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Litigator Tips for Remote Deposition Preparation

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Litigator Tips for Remote Deposition Preparation

Remote depositions for various hearing needs have been a part of certain state or federal proceedings for a long time, but these sorts of needs were heightened significantly over the last couple years by the pandemic. Many more attorneys and clients alike began participating in more remote depositions and other hearings, and everyone who was unfamiliar with any part of this process had to get up to speed. 

Remote depositions are best carried out when quality video court reporters are available to transcribe them, just one of several important factors you’ll want to be keeping in mind if you’re a litigator planning for such a deposition. What else should you be thinking about? Here are some general themes to consider.

Think From Your Client’s Perspective

Both when selecting a remote deposition and when proceeding with preparation for it, always remember to think about the experience from your client’s perspective. What is their comfort level with technology? How well will they be able to see and hear what’s going on? Will they feel like they’re part of the process?

You should also inquire about basic comfort with the remote process; for example, will they feel confident in being able to participate from their home or office? If not, you may need to arrange for them to attend the deposition in a more traditional manner.

Communication Concerns

As we touched on above, there may be some clients with limitations in certain communication areas, such as hearing or vision. You’ll want to make sure you’re aware of any such limitations in advance, so that you can take steps to ensure they don’t become an issue during the deposition.

For instance, if your client is deaf, you’ll need to provide an interpreter. Or if they’re hard of hearing, you’ll need to make sure the remote location has good sound quality. And if your client is visually impaired, you’ll want to make sure that all pertinent information – such as the identity of the other party and their attorney, the court reporter’s identification, and so on – is made available in a written format.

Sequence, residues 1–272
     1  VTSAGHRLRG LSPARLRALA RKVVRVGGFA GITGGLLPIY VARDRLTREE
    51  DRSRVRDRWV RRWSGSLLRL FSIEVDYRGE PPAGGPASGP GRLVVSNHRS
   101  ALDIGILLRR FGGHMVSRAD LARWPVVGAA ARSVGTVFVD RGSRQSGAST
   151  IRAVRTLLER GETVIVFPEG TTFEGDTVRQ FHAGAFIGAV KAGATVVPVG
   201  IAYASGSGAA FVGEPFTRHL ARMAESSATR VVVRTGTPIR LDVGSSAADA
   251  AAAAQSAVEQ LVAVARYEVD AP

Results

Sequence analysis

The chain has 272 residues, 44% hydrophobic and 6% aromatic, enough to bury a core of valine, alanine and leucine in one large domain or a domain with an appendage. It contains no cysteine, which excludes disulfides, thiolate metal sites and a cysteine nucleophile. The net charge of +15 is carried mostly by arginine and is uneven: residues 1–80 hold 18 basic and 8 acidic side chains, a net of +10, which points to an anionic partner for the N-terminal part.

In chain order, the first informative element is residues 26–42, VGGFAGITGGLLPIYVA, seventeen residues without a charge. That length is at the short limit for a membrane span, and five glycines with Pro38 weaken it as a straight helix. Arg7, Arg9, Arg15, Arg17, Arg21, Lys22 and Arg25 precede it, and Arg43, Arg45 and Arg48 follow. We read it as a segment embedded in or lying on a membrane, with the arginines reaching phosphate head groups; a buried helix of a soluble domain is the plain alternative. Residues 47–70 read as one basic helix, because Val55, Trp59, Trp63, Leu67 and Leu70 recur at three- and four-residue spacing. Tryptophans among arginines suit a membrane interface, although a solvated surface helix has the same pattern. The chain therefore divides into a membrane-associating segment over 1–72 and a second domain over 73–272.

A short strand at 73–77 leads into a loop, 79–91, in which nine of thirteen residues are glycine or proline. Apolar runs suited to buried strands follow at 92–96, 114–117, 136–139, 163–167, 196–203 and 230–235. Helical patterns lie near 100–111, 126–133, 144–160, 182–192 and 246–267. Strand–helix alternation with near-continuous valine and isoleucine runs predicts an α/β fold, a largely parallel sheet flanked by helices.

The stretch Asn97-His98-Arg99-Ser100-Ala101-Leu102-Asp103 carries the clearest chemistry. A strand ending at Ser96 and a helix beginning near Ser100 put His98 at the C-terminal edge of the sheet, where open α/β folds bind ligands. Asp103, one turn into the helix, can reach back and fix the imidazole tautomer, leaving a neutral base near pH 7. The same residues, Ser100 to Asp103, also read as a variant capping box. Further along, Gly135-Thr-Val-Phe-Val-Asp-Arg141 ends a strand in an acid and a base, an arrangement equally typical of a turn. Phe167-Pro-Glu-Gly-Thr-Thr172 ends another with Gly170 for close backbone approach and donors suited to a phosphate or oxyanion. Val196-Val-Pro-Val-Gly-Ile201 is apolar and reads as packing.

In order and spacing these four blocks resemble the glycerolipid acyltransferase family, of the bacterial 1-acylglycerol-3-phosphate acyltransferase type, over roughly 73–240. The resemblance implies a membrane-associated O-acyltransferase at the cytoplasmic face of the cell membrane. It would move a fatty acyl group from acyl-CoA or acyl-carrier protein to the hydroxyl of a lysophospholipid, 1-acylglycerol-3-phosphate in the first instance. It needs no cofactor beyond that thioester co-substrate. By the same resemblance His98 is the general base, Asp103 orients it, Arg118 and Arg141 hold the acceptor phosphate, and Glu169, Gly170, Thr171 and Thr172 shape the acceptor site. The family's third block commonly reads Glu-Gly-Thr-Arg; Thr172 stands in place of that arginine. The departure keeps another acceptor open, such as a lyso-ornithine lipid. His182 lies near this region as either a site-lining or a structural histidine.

Technology Requirements

Depending on the remote deposition approach you choose, technology requirements will vary. Generally speaking, though, you’ll need a solid internet connection, a webcam (with good lighting), and a headset with a microphone.

You’ll also want to make sure that everyone participating in the deposition is familiar with how to use the technology; this includes both the attorneys and the client. If there are any difficulties during the deposition, they can quickly become a major distraction.

Document Management

Remote depositions present their own unique set of challenges when it comes to document management. The documents that are used during the deposition need to be available to everyone involved, and everyone needs to be able to access them easily. 

One way to manage this is by using a cloud-based document management system. This will allow everyone to have access to the documents they need, when they need them. It also ensures that everyone is working with the latest version of the documents.

Be sure to keep these tips in mind for any remote deposition, and consider the use of quality court reporters and video transcription services to ensure that all events from a remote deposition are properly recorded. 

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